Author Topic: Top 10 list: How not to respond to Indigenous experiences of racism in Canada  (Read 3585 times)

Offline Pono Aloha

  • Posts: 141
This could go on the comedy channel too, as it's pretty funny but oh so true.

Below, a summary of these knee-jerk responses that are always trotted out by the masses when indigenous Canadians describe their experiences of racism, and why you should not use them.

1. Don't bring up your own experiences of discrimination.

 My favourite comment on the Nepean Redskins name debate comes from a man who proclaims that "my ancestors came right off the boat to Canada from Scotland however, they were badly discriminated against for many years," and then goes on to suggest that it's really the Indigenous people who are racist. Classy! Listen, we all know that everyone's ancestors were invaded by the British and so you too can lay claim to historic oppression! And everyone has at one point or another been insulted for some intrinsic quality, and it made them feel bad. But someone calling you an "evil ginger" on the playground is not the same as living in a society that tramples your human rights and dignity. And even if you think your experience is equally bad -- or even worse! -- the fact is that this particular conversation is not about you. You know that person who interrupts someone else's story to say, "Oh man, I have an even WORSE story about flying with Air Canada"? Everyone hates that person. Don't be that person.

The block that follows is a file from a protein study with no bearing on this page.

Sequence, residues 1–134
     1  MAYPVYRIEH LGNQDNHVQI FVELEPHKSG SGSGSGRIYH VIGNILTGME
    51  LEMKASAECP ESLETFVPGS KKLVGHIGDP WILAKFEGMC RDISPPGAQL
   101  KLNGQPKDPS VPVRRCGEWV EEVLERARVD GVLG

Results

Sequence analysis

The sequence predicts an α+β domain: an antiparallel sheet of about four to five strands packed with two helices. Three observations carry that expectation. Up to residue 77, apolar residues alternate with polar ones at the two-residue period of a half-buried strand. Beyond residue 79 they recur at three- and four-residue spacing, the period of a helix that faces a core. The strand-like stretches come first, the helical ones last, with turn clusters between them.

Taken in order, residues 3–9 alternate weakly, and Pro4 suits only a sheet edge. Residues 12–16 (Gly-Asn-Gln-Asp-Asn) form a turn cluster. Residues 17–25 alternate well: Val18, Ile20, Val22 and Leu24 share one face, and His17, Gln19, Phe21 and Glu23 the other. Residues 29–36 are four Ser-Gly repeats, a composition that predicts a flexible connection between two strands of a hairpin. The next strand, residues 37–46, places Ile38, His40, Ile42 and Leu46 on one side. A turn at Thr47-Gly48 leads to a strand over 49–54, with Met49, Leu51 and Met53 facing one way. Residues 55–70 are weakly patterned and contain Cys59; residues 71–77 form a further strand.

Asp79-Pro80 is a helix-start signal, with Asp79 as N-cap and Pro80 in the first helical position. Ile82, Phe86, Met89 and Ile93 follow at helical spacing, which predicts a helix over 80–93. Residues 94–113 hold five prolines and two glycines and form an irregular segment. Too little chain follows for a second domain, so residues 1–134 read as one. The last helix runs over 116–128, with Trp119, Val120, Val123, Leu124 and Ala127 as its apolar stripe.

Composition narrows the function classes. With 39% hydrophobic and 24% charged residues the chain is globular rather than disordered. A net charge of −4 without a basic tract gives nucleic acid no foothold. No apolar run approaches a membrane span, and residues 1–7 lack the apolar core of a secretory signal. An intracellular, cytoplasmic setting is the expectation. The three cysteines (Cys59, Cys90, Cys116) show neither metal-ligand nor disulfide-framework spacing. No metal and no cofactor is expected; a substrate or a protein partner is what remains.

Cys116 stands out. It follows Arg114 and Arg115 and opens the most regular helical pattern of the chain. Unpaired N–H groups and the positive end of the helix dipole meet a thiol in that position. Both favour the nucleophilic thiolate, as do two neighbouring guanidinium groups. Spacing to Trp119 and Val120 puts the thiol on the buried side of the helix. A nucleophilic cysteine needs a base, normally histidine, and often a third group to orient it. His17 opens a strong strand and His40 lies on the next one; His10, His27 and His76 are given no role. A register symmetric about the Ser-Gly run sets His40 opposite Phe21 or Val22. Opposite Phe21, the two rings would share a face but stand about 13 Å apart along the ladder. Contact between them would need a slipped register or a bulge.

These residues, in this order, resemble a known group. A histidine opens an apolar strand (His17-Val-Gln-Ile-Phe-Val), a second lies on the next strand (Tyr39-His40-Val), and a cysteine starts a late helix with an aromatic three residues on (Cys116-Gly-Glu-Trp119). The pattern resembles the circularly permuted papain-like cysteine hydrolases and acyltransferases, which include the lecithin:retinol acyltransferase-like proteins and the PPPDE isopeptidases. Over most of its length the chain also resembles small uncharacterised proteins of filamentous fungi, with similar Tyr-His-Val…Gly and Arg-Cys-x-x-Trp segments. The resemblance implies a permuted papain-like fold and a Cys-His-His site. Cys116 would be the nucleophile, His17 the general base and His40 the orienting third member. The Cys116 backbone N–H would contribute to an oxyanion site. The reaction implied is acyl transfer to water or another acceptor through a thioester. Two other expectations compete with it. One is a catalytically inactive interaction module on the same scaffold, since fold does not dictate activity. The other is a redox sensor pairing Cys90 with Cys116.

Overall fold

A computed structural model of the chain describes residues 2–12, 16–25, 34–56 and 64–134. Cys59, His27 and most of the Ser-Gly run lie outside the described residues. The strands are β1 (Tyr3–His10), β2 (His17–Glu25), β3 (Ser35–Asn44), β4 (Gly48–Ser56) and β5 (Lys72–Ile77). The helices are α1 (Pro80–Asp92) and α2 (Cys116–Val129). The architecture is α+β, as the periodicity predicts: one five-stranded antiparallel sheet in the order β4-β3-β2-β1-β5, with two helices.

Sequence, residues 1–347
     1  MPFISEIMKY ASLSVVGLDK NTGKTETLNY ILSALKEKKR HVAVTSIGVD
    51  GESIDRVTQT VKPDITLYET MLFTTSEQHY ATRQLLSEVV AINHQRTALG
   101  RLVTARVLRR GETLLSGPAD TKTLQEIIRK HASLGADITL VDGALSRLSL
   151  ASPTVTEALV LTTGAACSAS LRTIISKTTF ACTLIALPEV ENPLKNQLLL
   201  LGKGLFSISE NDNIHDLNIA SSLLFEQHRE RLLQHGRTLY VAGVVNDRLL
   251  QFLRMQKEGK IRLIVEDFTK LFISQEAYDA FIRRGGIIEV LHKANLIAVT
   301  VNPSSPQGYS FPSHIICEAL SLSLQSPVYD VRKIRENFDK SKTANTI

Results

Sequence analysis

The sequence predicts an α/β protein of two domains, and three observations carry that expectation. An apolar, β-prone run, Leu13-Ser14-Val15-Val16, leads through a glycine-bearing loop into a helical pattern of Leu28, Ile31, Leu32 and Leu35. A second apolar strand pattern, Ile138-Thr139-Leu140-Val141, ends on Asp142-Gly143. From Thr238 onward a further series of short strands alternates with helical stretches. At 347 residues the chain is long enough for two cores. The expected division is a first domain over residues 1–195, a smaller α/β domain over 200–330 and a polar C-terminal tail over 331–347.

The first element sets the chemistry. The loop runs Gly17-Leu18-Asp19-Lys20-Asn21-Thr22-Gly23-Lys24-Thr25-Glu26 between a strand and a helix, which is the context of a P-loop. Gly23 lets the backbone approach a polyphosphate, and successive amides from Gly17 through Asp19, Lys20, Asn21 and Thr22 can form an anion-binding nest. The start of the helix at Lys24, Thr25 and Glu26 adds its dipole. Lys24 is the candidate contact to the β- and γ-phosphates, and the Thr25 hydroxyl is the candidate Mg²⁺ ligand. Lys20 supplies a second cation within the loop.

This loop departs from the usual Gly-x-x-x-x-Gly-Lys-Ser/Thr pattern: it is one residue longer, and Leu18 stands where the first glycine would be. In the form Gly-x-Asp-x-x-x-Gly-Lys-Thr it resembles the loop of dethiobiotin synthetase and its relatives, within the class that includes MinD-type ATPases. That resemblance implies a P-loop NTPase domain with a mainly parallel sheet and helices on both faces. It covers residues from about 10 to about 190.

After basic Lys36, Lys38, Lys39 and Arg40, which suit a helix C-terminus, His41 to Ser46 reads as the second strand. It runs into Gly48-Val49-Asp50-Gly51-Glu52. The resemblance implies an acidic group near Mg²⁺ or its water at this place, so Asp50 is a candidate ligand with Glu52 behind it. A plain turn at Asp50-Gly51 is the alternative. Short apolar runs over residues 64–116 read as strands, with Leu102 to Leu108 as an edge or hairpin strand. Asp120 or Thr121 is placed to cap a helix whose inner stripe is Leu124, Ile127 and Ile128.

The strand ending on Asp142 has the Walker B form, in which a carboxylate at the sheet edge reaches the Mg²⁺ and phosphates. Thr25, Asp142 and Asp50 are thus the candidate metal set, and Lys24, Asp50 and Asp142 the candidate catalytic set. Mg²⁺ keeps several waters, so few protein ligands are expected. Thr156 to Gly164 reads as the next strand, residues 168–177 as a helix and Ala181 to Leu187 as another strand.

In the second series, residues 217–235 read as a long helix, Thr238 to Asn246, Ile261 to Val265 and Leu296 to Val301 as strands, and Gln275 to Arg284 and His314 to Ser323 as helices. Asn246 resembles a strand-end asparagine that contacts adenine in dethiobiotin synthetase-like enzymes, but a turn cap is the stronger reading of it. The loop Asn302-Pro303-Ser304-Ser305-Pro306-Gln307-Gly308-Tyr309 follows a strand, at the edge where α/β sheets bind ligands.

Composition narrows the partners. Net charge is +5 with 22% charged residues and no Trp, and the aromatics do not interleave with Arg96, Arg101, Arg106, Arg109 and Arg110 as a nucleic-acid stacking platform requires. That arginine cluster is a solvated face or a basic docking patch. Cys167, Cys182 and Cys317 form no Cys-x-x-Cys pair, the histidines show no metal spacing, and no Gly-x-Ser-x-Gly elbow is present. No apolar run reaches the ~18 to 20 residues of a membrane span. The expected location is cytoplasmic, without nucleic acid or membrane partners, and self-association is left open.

Offline earthw7

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    • Standing Rock Tourism
we pray for our people who stand at the front lines because we have to defend the earth!

Where are all the want to be Native people when we fight for what is right ???
In Spirit

Offline Defend the Sacred

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Journalist Miles Howe has been at the anti-fracking blockade since the beginning, and providing reliable coverage when everyone else was ignoring this. He's still the go-to reporter and he's come through for us again with this summation of yesterday's events, including the role of agent provacateurs in this struggle.

The encampment has been peaceful. Yesterday they woke up to flaming police cars and guns in their faces. The man who threw the molotov cocktails is not a member of the Mi'kmaq blockade. He turned up shortly before the policed did, started the fires, and then walked out past the police line without being arrested. Draw your own conclusions.

Offline Defend the Sacred

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Re: Elsipogtog
« Reply #4 on: October 18, 2013, 10:35:37 pm »
I've started a thread specifically about Elisipogtog in the News section: